The late ’60s and early ’70s were high times for Sasquatch explorers. A key piece of supposed evidence was recorded by another pair of men at a remote California deer camp between Lake Tahoe and Yosemite National Park.
Their hair-raising audio recordings, known in the Bigfoot community as the “Sierra Sounds,” purport to capture a number of unidentifiable creatures in the night, yelling and vocalizing in what seems like a primitive language.
After their initial experience, Ron Morehead, a church board administrator, and Alan Berry, a Sacramento journalist, went back to the spot over the course of a year, amassing what they always swore was a legitimate series of recordings.
But over the decades, despite unflagging public interest, not one Bigfoot researcher has ever managed to get a clear photo or video. Visual evidence has largely consisted of unconvincing footage, such as a 2001 clip from the Marble Mountain wilderness, also in northern California.
Taken by a church group, it supposedly captures the image of a Sasquatch walking along a ridge.
In 2007, Sasquatch was given a legitimacy boost when legendary anthropologist Jane Goodall allowed for the possibility that it might be real.
In her praise for the book “Sasquatch: Legend Meets Science” by Jeffrey Meldrum, she wrote, “In many parts of the world I meet those who, in a matter-of-fact way, tell me of their encounters with large, bipedal, tail-less hominids.
I think I have read every article and every book about these creatures, and while most scientists are not satisfied with existing evidence, I have an open mind.” She repeated those sentiments in a 2018 interview: “I’m a romantic. I would like Bigfoot to exist. I’ve met people who swear they’ve seen Bigfoot.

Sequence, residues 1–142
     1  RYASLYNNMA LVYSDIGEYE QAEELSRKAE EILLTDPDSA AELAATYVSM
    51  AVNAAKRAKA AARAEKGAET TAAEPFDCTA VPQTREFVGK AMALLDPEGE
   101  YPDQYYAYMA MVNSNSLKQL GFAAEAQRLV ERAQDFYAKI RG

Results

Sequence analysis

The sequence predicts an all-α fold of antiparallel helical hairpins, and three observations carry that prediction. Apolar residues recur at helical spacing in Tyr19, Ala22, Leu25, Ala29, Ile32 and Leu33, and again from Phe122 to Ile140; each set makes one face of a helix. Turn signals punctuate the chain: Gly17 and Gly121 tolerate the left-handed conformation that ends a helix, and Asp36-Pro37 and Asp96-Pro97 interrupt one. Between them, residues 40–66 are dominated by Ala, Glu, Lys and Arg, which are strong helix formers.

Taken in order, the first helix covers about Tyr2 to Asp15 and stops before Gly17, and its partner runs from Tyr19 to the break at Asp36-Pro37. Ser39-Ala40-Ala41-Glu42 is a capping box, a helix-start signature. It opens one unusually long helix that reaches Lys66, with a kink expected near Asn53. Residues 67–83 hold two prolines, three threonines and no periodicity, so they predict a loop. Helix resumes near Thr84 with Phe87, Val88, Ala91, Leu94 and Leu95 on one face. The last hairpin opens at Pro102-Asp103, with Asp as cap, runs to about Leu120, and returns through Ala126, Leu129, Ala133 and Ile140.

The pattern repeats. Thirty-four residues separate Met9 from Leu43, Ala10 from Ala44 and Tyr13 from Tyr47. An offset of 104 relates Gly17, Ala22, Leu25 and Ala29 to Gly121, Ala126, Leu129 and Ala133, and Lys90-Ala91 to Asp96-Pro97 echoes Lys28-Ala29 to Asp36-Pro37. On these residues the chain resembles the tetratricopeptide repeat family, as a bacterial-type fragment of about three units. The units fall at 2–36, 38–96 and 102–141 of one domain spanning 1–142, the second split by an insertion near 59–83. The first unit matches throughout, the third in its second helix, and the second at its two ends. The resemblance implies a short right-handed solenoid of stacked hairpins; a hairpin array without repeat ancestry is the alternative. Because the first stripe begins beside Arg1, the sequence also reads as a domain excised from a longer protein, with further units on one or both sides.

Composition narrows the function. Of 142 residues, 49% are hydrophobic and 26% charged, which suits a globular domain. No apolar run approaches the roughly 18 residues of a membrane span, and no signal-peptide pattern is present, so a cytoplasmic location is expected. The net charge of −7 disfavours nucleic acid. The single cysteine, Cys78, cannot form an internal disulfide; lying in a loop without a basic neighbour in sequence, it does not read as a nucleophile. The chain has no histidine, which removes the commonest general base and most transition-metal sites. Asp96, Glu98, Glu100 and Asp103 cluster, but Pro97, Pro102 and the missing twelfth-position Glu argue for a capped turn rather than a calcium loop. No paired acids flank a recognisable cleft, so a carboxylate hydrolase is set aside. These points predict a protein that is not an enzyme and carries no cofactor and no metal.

I think the interesting thing is every single continent there is an equivalent of Bigfoot or Sasquatch. There’s the Yeti, the Yowie in Australia, the Chinese Wildman, and on and on and on. I’ve heard stories from people who, you have to believe them. So there’s something.”
In 2018, Bigfoot entered the legal system when California resident Claudia Ackley sued the California Department of Fish and Wildlife and the state Natural Resources Agency for refusing to acknowledge her encounter with a Sasquatch in a tree.
“Respondents’ denial of this species puts the public’s safety at serious risk,” stated her lawsuit, which was dismissed. In one of its more risible claims, the lawsuit also alleged that “her right to establish a legitimate Sasquatch-based business has been infringed upon.”
So what keeps hope alive, in the face of a damning lack of evidence, for Squatchers?
What explains nine seasons of the Animal Planet reality show “Finding Bigfoot,” which has yet to live up to its title? One guest on that series, folklorist Lynne McNeill, thinks she can explain it. “[For some believers], it’s a better world if Bigfoot can be real,” she told California magazine.
“It says something positive about our ecosystems and our environment. It says something positive about our retention of wilderness spaces. It says something positive about the fact that we maybe aren’t utterly destroying the planet we live on if a species can remain hidden and undiscovered.”
Brian Regal, history of science professor at New Jersey’s Kean University and author of the 2011 book “Searching for Sasquatch: Crackpots, Eggheads, and Cryptozoology,” offers a glimpse into the psychology behind the search for Bigfoot.
“Monsters aren’t born; we make them. All monsters are human-made. We make them out of the things we’re afraid of,” he says in the “Sasquatch” series. “In the past, we became fearful as an evolutionary mechanism for survival. ‘Don’t go in the cave, it’s dark, there could be something in there that could eat you’ … It seems to be hard-wired into the human psyche.”